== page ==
A new chapter of mapping the waste situation of our rivers has arrived. As a part of the research and development programme of Tisza Plastic Cup, researchers have released three bottles with GPS trackers, that forward real time data with showing on map their locations. With this experiment, experts are anxious to determine how far and how fast the large amount of waste delivered by rivers can move, whether they get stuck in floodplains, if they start moving again, and whether they can eventually reach the seas. This is the first known experiment where anyone can follow the journeys of plastic bottles on the Plastic Cup map. The first bottle has already been released into the river Bodrog, the remaining two will be released in the coming days, depending on the flood waves and water levels. The professionals of Plastic Cup, who will release the bottles at Olaszliszka, will stream the action on Facebook as well.
A great concern with plastic bottles is that they arrive with the floods and are deposited in the floodplain forests. Actions of Plastic Cup have collected 160 tonnes of trash in the last eight years, cleaned many protected areas completely, and because of their tireless efforts, more and more forests are clean and preserved. One of the biggest factors of their successful clean-up operation is mapping: the more they know about the method of pollution, the better can be their river saving actions.
PET II, the trash-picking ship of Plastic Cup is on duty for days on the flooding Bodrog. Experts have recently released bottles containing GPS trackers from the board of the ship.
The classic “message in a bottle” model – handwritten letters floating in a glass bottle – showed us that an object can move hundreds of kilometers within a year. In the spring of 2019, the volunteers of Plastic Cup let go a classic bottle message – symbolically in a half liter Ukrainian vodka bottle – with a message that was found the same year at the Kisköre hydropower dam. Today it is already known that this water facility protects the lower parts of the river from a vast amount of trash.
The new GPS bottles were developed by Waterscope Inc, innovators in domestic water-management, and collaborators of Plastic Cup for many years in water quality assessment and knowledge sharing. With current technology, the GPS tracker in the bottle signals every 15 minutes and defines the geographical coordinates. If the dislocation is more than 200 meters, the new position of the bottle will appear on the tracking map. The goal of Plastic Cup’s research is to prove once and for all: the pollution of seas and oceans is a serious environmental protection case; one that should be a common responsibility, and one that affects the landlocked nations as much as the coastal ones. Our hypothesis is that some of the bottles travel all the way from inland sources to the estuaries and so forth to the oceans.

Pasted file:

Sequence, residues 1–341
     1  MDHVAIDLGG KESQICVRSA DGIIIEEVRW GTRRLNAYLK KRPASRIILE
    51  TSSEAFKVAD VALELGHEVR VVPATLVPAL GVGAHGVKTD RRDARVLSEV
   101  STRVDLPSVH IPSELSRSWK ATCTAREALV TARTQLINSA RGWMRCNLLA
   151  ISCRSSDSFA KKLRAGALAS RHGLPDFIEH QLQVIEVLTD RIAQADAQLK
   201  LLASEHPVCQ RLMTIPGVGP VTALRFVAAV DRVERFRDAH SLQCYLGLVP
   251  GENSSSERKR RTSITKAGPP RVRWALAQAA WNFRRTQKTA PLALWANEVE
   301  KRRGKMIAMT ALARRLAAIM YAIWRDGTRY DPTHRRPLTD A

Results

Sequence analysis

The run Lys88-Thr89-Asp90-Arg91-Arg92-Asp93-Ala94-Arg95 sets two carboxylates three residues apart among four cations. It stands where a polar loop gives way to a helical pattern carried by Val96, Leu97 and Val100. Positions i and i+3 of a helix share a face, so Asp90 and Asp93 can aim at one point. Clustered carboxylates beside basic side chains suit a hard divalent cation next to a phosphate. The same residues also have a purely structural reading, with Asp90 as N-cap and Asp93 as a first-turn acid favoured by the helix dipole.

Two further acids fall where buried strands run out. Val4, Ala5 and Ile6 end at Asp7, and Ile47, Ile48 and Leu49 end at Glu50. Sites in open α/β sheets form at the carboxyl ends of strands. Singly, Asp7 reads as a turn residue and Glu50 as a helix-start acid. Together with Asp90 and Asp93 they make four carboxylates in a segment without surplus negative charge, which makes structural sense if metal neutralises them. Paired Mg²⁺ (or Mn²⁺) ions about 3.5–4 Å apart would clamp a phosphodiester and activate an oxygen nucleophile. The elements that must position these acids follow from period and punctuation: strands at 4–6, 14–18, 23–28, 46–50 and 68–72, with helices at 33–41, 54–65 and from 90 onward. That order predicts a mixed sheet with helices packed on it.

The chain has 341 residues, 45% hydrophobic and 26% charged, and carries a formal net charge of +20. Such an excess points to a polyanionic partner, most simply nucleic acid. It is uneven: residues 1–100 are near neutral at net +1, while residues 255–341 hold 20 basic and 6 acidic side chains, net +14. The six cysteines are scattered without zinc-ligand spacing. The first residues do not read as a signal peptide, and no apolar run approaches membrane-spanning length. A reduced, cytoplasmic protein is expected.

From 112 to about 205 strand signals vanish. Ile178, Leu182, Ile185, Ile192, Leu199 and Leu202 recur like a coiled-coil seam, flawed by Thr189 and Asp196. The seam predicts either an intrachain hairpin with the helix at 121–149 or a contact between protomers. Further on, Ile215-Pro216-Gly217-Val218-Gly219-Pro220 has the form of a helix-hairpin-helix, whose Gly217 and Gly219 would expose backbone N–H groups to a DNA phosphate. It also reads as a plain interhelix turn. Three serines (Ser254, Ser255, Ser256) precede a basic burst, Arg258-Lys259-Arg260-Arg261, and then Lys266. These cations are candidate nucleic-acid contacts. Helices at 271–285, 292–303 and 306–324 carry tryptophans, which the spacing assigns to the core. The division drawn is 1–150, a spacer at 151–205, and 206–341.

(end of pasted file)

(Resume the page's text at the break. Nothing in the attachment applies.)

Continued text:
Perhaps the greatest result of the current development is that anyone can use the public map to see where the bottles are. With this, we can present another exciting result for our volunteers, supporters, and for the enthusiastic members of public. Analyzing and using the data helps to get rid of pollution in the long term”
The first step in stopping the pollution is to know its route. In the picture, a fridge floats on river Bodrog.
The Coca-Cola Foundation founder of the Zero Waste Tisza project secures the financial background for the technical development, testing and tracking of the GPS bottles.
River savers in action – Proper sorting is always a part of the rescuer job.
Despite the cold weather, the professionals and volunteers of Plastic Cup have been working hard on the deck of PETII ship. They are not just releasing GPS bottles, but continuously removing waste from the river, and ensuring that previously cleaned parts are not contaminated again. This ship has foldable arms, and a tilting basket to collect the floating trash. North-Hungarian Water Directorate, Municipality of Olaszliszka, SONAR Upper Tisza Diving and Rescue Association, team of DECK.hu and local ferrymen and water policemen are also providing help to make this project successful.
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